I don't recall the bass line or the drum beat, but I remember the melody...
Back in the dark ages, an actual print magazine (remember those?) - probably 'Car&Driver' - asked readers to send in suggestions for music to listen to while driving. I don't remember any response but one, where some genius wrote in to say:
"Pink Floyd's 'Dark Side of the Moon' while driving at night between cities, very fast."
"So you're a young car enthusiast and you want a classic sports car, something you can drive everyday, but you don't wanna spend a metric fuck-ton of money? Well, you're in luck! I 've got just the ride for you; a watercooled, front-engined Porsche — specifically, a 944.
Nope, it doesn't have an engine out of a VW van, it's a proper, bona fide Porsche — and there's a bunch of models to chose from."
I have a little money saved for my first Porsche. For every day short drives and monthly longer 6 hour drives. Which is the most fun 2.5 (normally aspirated) early or late, S or S2? Or maybe a 220hp Turbo? In the UK the S seems quite good value, but is an S2 more fun? What about 924 S?
Do you prefer the peaky delivery of the S to the S2? Are the S2 brakes much better, because they seem a bit more expensive to repair?
I quite like the looks of the S compared to the S2, but some days I prefer the S2. Are the 16 valves more fun than the turbos on a winding road?
Can the S brakes be upgraded, or are they good enough as standard. The S seems a bit underrated. I think one of the reviews said that the press car hadn't had enough miles to bed in, so the early reviews were bad.
I like cars that you can rev until they scream, to as high an rpm as possible, so I guess the S might be the one?
It all began with the usual chat.
"Porsches are the strongest."
"No, you don’t know what you’re talking about; Ferraris are the strongest.
Porsches might be strong on the track and in rallies, but Ferrari's 0-100km/h times, Ferrari 's max speed..." On and on it goes.
Then comes the idea; a challenge on track.
the barrel's spun. four of the six chambers are live. the chances of coming outta this one are slim.
we each take turns. me, then Seth and Derek followed by Jae.
decals. art on the decals. simple and abstract sketches of what best personifies the flüssig fab 4. we're all taking stabs, verbally, at concepts. then Jae pushes the words aside and lets his art do the talking.
The kind folks at Flussig Magazine invited me to do a series on guest columns about the life of an American living in Europe trying to make a living as a race car driver. But for me, personally, it is more than that. My wise father (funny to note he gets a little bit wiser with each passing year, or maybe it’s that I listen a bit more closely…sometimes it’s hard to tell) said to me that if I am really, really lucky I can make a living driving a race car. He is a very successful business man so he probably has the ‘making a living’ part down pretty good. But he also told me that many racers have tried and failed to own and manage a team while driving. I must have missed that last part (see comment above about listening closely), because I have been busting my arse (what the Brits call ass) over here in the UK, trying to make the fledgling racing outfit I co-own, Team Technik, a winning force to be reckoned with in the GT3 racing world.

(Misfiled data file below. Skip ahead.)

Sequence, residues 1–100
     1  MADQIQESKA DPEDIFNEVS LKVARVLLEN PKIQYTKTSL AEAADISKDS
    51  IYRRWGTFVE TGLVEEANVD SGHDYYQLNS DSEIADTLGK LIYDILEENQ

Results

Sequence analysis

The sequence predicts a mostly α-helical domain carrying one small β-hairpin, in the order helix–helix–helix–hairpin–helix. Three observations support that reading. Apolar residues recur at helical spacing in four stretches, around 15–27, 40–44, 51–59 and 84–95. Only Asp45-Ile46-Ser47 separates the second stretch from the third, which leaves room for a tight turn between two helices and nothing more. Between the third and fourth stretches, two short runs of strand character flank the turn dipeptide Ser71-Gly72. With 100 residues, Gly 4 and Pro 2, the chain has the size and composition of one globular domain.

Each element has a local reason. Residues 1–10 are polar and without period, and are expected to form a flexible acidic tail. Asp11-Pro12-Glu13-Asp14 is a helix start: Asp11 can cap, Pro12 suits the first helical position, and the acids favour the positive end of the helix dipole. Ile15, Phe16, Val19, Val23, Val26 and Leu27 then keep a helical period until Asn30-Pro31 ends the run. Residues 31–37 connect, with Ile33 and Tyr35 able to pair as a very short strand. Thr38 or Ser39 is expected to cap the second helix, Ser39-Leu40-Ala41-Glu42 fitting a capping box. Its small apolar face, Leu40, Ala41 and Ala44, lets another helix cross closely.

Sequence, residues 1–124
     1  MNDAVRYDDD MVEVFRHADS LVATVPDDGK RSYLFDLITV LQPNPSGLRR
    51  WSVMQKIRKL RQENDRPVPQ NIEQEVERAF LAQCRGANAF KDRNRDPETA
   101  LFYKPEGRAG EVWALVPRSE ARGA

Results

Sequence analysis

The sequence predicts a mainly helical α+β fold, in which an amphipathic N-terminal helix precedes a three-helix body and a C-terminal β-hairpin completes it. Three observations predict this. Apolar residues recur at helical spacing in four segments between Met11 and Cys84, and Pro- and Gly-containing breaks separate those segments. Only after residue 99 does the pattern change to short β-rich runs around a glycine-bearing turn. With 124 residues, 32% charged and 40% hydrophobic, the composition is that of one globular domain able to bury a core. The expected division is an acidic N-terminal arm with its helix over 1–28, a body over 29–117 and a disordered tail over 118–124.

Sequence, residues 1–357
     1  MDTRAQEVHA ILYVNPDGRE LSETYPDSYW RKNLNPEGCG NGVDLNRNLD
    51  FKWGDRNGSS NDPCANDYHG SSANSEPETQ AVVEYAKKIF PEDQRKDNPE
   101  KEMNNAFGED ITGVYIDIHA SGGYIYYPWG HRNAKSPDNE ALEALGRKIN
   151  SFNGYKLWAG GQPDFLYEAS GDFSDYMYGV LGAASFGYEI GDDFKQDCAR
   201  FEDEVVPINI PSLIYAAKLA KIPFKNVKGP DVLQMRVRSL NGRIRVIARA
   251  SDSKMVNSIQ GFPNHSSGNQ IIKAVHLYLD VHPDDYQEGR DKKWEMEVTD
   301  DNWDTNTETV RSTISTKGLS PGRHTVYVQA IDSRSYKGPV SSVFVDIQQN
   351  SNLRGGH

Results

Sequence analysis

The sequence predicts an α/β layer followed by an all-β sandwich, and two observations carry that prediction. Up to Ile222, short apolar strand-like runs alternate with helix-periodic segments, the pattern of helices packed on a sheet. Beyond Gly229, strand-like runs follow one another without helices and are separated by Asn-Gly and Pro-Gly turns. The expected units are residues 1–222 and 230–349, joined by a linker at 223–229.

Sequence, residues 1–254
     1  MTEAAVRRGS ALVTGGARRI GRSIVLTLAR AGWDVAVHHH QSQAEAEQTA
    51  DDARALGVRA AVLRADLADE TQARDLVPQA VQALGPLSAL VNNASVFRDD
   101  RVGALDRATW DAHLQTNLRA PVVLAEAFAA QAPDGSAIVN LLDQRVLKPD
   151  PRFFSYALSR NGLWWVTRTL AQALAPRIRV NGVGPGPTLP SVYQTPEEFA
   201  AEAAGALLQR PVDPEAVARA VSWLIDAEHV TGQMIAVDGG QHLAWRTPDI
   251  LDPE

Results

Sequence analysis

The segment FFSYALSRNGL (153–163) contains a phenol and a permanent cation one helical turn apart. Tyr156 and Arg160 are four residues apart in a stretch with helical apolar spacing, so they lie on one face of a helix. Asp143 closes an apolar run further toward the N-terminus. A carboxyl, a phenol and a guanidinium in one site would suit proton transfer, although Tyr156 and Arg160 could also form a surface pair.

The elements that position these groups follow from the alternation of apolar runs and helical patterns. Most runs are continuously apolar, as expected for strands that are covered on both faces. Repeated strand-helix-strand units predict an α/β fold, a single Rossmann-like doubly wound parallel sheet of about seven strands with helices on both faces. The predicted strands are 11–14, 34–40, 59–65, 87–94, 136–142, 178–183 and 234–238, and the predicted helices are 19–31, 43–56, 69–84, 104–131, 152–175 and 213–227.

We take so many things for granted. That our car will start or the garage door opener will work when the button is pressed. That fuel will be more gas than water and our favorite fast food venue will get our complex no raw onions, extra crispy bacon order just right. Well, right more times than not.
One of my favorite things to do on the web is to go into a car company’s web site, head straight to their configurator and build something. Sometimes it will be a stripper, just the basic car to see how cheap I can build it. And more times than not, I go all in adding every option to see how far I can take it to the other extreme. I try different colors, different interiors, different wheels and I spare no expense on the performance options. If you are going to build something, you may as well go big. Right?
I'm designing a lounge inspired by the most early Porsche cars for myself.
There are so many elements to these cars.. but I'm resisting taking them literally. I'm trying to create a lounge Professor Porsche would approve of. It's to be 1930s simple but Porsche too. It's a real challenge. I need critical opinions.
"alright...let me speak with your manager; this is ridiculous."
I'm a confident motherfucker, but I can see how this was going to problem for me...I was visually outclassed. I shrank a bit.
"Yes, I'm the manager, is there a problem?"
no good morning, no handshake, no offer to come sit in her office to discuss the matter; only a puff of stale coffee breath arrived with her terse question. I could tell by the slight quiver in her voice and hands folded low across her front this broad was uptight. I knew her tragedy, she hadn't been gone down on in a long while; maybe never.